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Why you should give a damn about America’s dams

This summer’s unprecedented floods across the U.S. highlight how a massive piece of infrastructure — the nation’s 90,000-plus dams — can play the role of hero or villain in these climate-enhanced calamities.

In Vermont, the 90-year-old Wrightsville Dam, built in response to the Great Flood of 1927 that killed 84 people, did its job, preventing flooding in the state capitol of Montpelier from getting far worse. But over in New York, the Jennings Pond dam, declared “unsafe” by the Army Corps of Engineers more than 40 years ago, breached, causing flood waters to inundate the Adirondack tourist town of Long Lake. Meanwhile, flash floods resulted in five deaths in southeastern Pennsylvania, closed highways and devastated crops in western Kentucky and southern Illinois, and wreaked havoc in southern California. Three years ago, Michigan saw two dams fail, in the wake of massive rains and a lack of investment in critical upgrades. And in 2017, 200,000 people were evacuated downstream of California’s massive Oroville Dam when flood waters, combined with design and construction weaknesses, resulted in a $1 billion repair bill.

In the arid western states, drought rather than floods often causes dams to make the news. Colorado River reservoirs supply drinking water to 40 million people in seven states but face increasing challenges — and decreasing water levels — with a multi-year drought across the region. And dams serve other roles — navigation, irrigation, recreation and, of course, electricity generation. Just 2,300 U.S. dams — less than 3 percent of the U.S. total — produce about 30 percent of U.S. renewable electricity and provide about 90 percent of the nation’s utility-scale electricity storage capacity for wind, solar and nuclear power through the technology known as “pumped storage hydropower.”

At the same time, many American dams and their reservoirs have degraded water quality, altered water temperature and blocked fish migration. Significantly reduced fish populations also prevent tribal nations from practicing their fishing and cultural traditions as promised in treaties with the U.S. Critically, some dams have outlived their useful lives and need to be removed, thereby increasing public safety and enhancing the watersheds and floodplains important in managing the increased precipitation driven by climate change.

There is good news on the dam front that could help with the next flood, drought, ecological challenge or renewable energy response to climate change. After more than 100 years of conflict between conservationists and dam builders — going all the way back to the epic battle over damming California’s Hetch Hetchy Valley — the parties have launched a historic collaboration that’s making headlines (per the New York Times: “Environmentalists and Dam Operators, at War for Years, Start Making Peace.”)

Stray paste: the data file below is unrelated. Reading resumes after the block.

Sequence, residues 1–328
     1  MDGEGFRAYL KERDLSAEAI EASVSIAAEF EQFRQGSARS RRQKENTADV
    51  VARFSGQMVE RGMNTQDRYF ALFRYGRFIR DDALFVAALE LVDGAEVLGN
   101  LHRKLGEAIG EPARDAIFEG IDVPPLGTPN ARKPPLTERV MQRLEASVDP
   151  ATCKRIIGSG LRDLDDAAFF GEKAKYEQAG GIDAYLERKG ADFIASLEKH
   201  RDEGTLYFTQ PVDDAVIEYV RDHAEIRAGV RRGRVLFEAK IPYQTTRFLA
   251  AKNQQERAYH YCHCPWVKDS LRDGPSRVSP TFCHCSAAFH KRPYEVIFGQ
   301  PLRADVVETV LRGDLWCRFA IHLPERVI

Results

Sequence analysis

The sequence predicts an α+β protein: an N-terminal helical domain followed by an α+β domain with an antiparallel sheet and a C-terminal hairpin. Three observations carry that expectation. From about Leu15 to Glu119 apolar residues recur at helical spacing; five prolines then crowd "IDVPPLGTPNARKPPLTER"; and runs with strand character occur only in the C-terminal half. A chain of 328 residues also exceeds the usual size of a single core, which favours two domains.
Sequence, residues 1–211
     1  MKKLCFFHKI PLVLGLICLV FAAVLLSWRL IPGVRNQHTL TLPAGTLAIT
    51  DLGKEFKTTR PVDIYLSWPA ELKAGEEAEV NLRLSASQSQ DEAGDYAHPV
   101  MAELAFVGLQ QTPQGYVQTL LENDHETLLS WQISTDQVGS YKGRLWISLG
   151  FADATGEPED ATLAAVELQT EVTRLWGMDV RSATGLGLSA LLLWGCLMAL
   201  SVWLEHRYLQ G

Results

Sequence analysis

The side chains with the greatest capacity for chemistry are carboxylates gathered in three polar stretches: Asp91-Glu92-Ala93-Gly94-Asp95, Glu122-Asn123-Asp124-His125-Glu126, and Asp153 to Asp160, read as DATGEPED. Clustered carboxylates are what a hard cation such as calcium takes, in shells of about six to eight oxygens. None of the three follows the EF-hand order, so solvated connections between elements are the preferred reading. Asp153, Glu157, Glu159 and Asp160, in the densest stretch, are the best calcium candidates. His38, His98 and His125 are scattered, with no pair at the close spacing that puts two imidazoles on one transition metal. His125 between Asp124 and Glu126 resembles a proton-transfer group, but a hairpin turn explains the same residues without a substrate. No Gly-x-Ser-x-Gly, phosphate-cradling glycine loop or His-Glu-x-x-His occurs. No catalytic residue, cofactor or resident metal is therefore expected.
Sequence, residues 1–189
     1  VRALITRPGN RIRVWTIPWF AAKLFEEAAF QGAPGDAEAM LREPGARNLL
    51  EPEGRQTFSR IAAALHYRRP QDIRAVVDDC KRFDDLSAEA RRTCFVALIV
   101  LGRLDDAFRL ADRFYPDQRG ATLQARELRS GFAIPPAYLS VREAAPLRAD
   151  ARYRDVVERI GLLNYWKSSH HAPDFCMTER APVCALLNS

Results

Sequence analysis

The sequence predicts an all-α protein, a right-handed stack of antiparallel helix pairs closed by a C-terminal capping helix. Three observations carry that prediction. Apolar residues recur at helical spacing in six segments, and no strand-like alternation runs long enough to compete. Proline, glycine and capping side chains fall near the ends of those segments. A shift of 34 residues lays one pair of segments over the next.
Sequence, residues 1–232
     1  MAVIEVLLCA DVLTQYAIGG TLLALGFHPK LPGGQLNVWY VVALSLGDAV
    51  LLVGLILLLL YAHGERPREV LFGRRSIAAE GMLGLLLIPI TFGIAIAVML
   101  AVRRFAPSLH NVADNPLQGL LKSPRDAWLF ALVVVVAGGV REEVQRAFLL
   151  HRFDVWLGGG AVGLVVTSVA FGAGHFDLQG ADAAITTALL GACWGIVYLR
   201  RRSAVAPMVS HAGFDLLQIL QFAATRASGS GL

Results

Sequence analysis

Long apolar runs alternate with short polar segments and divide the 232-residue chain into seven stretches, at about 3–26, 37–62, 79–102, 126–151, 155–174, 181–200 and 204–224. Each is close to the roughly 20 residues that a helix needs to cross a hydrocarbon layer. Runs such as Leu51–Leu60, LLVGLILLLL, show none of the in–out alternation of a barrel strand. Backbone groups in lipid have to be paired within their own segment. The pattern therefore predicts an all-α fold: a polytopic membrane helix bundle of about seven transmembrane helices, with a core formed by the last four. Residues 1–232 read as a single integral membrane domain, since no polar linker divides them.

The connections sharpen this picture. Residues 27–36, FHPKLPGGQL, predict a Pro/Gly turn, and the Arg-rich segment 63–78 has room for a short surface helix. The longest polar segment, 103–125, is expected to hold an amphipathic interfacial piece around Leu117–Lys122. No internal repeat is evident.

The parties, convened by Stanford University’s Uncommon Dialogue program and led by American Rivers and the National Hydropower Association, came together to address the “3Rs” of U.S. dams: rehabilitate some for safety; retrofit some for power; and remove some non-powered dams for conservation and safety. The parties developed a detailed $63 billion 3Rs infrastructure investment plan and secured more than $2.3 billion in the 2021 bipartisan infrastructure bill, a significant down payment on the 3Rs plan. 

Congress now needs to take the next steps to increase dam safety, boost clean energy deployment and enhance ecological systems across the nation. At the top of the list is the bipartisan 21st Century Dams Act, which would invest billions of dollars more in the implementation of the 3Rs plan. Also critical is reforming the hydropower licensing process, which would address the cost and delays that bog down hydropower projects while also speeding up the decommissioning process for removing hydropower dams. With more than thirty percent of all hydropower licenses in the country set to expire by 2030, it’s time to reform these processes so we can both maintain this important energy source and improve river health.

We also hope Congress will move the bipartisan National Dam Safety Act to address safety issues through grants, research, training and the National Inventory of Dams. Finally, Congress needs to enact a bipartisan 3Rs infrastructure tax credit, championed by Sen. Cantwell and Sen. Lisa Murkowski, which would help advance environmental improvements, dam safety and the removal of obsolete dams.

This summer’s floods are yet another sign that we have to get our act together when it comes to addressing the causes and effects of climate change. River advocates are working collaboratively with the hydropower industry and tribal nations to advance a historic, multifaceted plan to tackle the challenges and opportunities posed by the nation’s dams. Now it’s time for Congress to act.

Dan Reicher is a Senior Scholar at Stanford’s Doerr School of Sustainability. Tom Kiernan is CEO of American Rivers. Malcolm Woolf is CEO of the National Hydropower Association. 

Tags Congress Dams Drought Energy Environment flooding hydropower Renewable energy River Water